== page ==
Q: How does exercise fit in?
Parsons: Studies show that even just 30 minutes of walking or moderate exercise a day can reduce the chances of prostate cancer developing or coming back after it has been treated. The reasons why are unclear, and are currently being studied. It might be through improvements in overall health.
Q: Is it true that you can have prostate cancer and not need treatment?
Kane: It’s true that there are some men with very low-risk, low-grade prostate cancer who may not need to be aggressively treated. That’s an important decision they need to make with their physician. However, that’s the minority: 15 to 20 percent of newly diagnosed men have that very low-grade, low-volume, low-PSA, slow-growing form of prostate cancer. There are also men who are older or who are in poor health where it is less important to diagnose what is often a relatively slow-growing cancer.
At UC San Diego Health System, we offer many men with low risk prostate cancer, active surveillance rather than aggressive treatment. However that decision is based on careful individualized assessment of risks and benefits. Many men with prostate cancer who were destined to have adverse outcomes from their cancer are cured with current treatments. Also current treatments are more refined and have fewer side effects than in prior eras.
Parsons: There has definitely been growing interest in an approach that’s been referred to in various contexts as “watchful waiting,” “active surveillance,” and “observation.” Excellent research has demonstrated that, in appropriate men with prostate cancer, this approach is safe and spares many of them the possible side effects of treatment. The regimen involves careful monitoring with PSA blood tests and, on occasion, repeat prostate biopsy. Newer research also suggests that prostate MRI may be helpful in some of these men for monitoring tumors.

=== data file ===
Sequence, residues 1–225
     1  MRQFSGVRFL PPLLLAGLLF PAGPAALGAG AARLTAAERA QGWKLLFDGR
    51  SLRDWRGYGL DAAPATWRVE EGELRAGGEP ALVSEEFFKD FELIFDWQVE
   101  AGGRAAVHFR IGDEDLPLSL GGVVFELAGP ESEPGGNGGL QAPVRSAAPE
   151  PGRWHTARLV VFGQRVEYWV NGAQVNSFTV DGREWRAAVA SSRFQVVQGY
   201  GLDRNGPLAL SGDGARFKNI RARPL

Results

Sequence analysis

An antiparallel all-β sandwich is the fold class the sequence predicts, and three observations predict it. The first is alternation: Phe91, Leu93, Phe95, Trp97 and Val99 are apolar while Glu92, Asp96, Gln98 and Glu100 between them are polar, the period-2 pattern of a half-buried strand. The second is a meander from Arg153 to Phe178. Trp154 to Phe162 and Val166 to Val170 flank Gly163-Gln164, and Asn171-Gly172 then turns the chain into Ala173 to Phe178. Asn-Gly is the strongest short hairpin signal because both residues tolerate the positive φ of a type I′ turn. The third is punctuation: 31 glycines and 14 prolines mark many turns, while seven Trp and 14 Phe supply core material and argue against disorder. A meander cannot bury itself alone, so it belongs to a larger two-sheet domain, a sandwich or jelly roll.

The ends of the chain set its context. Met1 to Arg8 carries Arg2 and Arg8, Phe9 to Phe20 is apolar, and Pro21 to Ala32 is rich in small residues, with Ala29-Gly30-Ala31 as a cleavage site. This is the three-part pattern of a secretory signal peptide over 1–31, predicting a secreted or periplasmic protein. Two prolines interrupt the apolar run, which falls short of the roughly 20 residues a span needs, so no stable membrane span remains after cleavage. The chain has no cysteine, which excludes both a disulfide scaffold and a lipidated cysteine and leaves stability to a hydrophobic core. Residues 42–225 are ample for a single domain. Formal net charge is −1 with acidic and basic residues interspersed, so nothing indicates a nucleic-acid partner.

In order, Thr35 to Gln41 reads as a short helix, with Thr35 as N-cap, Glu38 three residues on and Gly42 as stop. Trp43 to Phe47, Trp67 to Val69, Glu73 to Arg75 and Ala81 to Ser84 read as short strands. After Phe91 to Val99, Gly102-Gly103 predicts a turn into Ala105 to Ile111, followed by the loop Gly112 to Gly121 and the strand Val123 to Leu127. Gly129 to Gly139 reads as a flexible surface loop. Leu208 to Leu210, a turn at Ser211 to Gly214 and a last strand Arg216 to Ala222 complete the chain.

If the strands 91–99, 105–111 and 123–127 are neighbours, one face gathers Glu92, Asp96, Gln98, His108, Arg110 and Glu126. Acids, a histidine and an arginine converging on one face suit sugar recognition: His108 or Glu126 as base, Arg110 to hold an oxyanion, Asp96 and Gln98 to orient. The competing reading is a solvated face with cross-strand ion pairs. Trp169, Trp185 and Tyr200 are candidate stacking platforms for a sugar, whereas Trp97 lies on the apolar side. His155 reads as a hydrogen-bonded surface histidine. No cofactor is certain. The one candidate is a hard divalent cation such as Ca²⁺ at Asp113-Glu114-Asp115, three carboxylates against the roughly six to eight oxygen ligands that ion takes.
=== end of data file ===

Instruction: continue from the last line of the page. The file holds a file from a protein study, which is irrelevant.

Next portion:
Q: What new medical therapies are on the horizon?
Kane: There are a lot of exciting new treatments for men with prostate cancer. We are now preforming genetic tests of a man’s individual cancer. We are performing some of the most advanced prostate cancer imaging and offering MRI targeted prostate biopsies. We have a number of innovative clinical trials to improve outcomes in men undergoing both nerve sparing robotic prostatectomy as well as sophisticated radiation therapy. We have immune therapy called Provenge®, as well as new hormonal blocking agents (abiraterone and enzalutamide), all of which which has been in the news. Moores Cancer Center has a prostate cancer program rivaling the best in the country, but our hallmark is individualized and compassionate care.
Parsons: A number of effective new medications have been approved by the FDA in the last few years, including abiraterone (Zytiga®), enzalutamide (Xtandi®), sipuleucel-T (Provenge®), Radium-223 (Xofigo®), and denosumab (Xgeva®,Prolia®). These medications were originally tested in patients with very advanced cancers, but some also hold promise in treating patients with earlier stages of prostate cancer.
In addition, there are encouraging developments in the field of prostate cancer detection. At Moores, we offer the FDA-approved PCA-3 urine test in appropriate patients to help make decisions about prostate biopsy; we are also studying the use of advanced MRI technology to detect tumors.